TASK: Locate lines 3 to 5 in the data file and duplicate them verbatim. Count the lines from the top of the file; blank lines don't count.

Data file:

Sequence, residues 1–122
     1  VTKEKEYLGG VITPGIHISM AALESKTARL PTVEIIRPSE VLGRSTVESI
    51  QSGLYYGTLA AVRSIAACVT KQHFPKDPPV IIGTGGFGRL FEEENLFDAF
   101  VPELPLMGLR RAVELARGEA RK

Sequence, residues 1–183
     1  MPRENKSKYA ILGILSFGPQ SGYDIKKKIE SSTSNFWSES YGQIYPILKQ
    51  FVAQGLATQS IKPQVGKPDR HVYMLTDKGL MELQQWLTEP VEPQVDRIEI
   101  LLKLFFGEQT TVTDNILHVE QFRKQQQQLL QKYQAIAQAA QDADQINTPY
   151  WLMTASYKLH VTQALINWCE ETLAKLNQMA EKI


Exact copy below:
    51  QSGLYYGTLA AVRSIAACVT KQHFPKDPPV IIGTGGFGRL FEEENLFDAF
   101  VPELPLMGLR RAVELARGEA RK

Sequence, residues 1–183